President-elect Donald Trump said that he was going to repeal and replace Obamacare with something terrific, though it looks like he’s going to keep in place some aspects of the law, specifically dependents being allowed to stay on their parents’ insurance until their 26 and barring health insurance companies from discriminating against those with pre-existing conditions.
With Obama’s days in the White House rapidly drawing to a close, Congressional Republicans are now eager to get rid of the law. The GOP controls the White House and Congress; there’s no excuse now in the eyes of the conservative base of the party. The problem is the replacement plan. Some Republicans want to get it done now, repeal the law and then work on a replacement. Others want a three-year timetable for the repealing and replacing the Affordable Car Act. Congress would vote on gutting the bill, but its effects wouldn’t go into effect for three years so lawmakers can draft an alternative plan, which would prevent 20 million people from losing their health insurance. Thus, averting a political disaster for the GOP (via Politico):
Congressional Republicans are setting up their own, self-imposed deadline to make good on their vow to replace the Affordable Care Act. With buy-in from Donald Trump’s transition team, GOP leaders on both sides of the Capitol are coalescing around a plan to vote to repeal the law in early 2017 — but delay the effective date for that repeal for as long as three years.
They’re crossing their fingers that the delay will help them get their own house in order, as well as pressure a handful of Senate Democrats — who would likely be needed to pass replacement legislation — to come onboard before the clock runs out and 20 million Americans lose their health insurance. The idea is to satisfy conservative critics who want President Barack Obama’s signature initiative gone now, but reassure Americans that Republicans won’t upend the entire health care system without a viable alternative that preserves the law’s popular provisions.
“We’re talking about a three-year transition now that we actually have a president who’s likely to sign the repeal into the law. People are being, understandably cautious, to make sure nobody’s dropped through the cracks,” said Senate Majority Whip John Cornyn (R-Texas).
The tentative strategy is reminiscent of Capitol Hill’s infamous “fiscal cliff” days, when Congress imposed simultaneous deadlines to raise the debt ceiling, extend expiring tax cuts and fund the government. The hope was that it would create irresistible political pressure to get behind a bipartisan mega-fiscal deal.
Most Republicans, particularly in the House, want to repeal as soon as possible and deal with the replacement later. Rep. Tom McClintock (R-Calif.), a staunch conservative, said the party must “take no chances; do it now.” And House leadership has heard those demands clearly.
The publication added that Sen. Lamar Alexander (R-TN) chair of the Senate Health, Education, Labor and Pension Committee wants a replacement plan ready to go by the time of the repeal vote, adding to the mash up of GOP directions certain members want to go when dealing with Obamacare. Politico also added that Senate Republicans want to implement the replacement bill “in chunks” that deals with pre-existing condition, permitting the purchase of health insurance across state lines, and crafting new plans for small businesses.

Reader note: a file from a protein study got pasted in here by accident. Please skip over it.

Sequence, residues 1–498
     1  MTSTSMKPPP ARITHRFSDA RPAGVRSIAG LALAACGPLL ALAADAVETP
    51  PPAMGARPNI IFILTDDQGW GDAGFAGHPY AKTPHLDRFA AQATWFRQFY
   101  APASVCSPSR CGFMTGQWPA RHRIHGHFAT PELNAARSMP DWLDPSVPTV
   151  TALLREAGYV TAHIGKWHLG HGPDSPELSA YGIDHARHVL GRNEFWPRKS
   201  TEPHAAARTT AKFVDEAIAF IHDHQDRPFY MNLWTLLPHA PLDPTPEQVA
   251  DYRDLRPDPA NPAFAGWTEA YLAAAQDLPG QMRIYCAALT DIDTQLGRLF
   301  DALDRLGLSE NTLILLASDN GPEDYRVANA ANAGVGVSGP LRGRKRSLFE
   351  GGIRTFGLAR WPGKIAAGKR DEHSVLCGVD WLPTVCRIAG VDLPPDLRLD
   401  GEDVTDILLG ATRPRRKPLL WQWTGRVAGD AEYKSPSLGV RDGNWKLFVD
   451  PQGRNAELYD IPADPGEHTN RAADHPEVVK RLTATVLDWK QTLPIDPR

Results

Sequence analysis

Contrary to Democratic talking points, Republicans have a lot on health care policy. In fact, since 2009, Republican lawmakers
The process will be long, as there will be reviews, cost analyses, a possible negotiation of merging competing plan among GOP lawmakers. Moreover, they also have to come to grips that perhaps some portions of the law may have to stay in place. The chance for a clean repeal without consequences was blown when Republicans failed to boot Obama in the 2012 election. By 2014, the law would have begun the process of enrolling millions into Obamacare and running on a platform of taking people’s stuff away isn’t a recipe for success. This could easily be bungled by the Republican leadership, whereas all Democrats have to do is watch the trainwreck. Repeal through a timetable is smart, the replacement plan voted on in chunks is good, but whether insurance companies will continue to suffer massive losses for that period remains dubious. Even Politico added that insurance companies could still bolt from the ACA market regardless of what happens on the Hill, especially after a repeal vote—creating another headache for the GOP on replacement plans. Alexander’s approach seems sensible as well, though there won’t be a serious replacement plan in the timeframe that would be to the liking of the conservative base, unless the GOP moves on another issue of equal importance, which is filling Scalia’s vacancy on the Supreme Court; an issue that even Democrats said must be addressed if we don’t want to risk our entire legal system crashing to the ground. That’s some great hyperbole there from the Left. Trump’s jobs and tax agenda could serve as a buffer to push back the clock on a repeal vote with a legitimate replacement plan.
Either way, like with most things, the three-year delay looks good on paper, but let’s be honest. If you’re a health insurance company that has lost hundreds of millions dabbling in this market and Congress just passed a repeal of Obamacare bill, you’d cut all ties as well.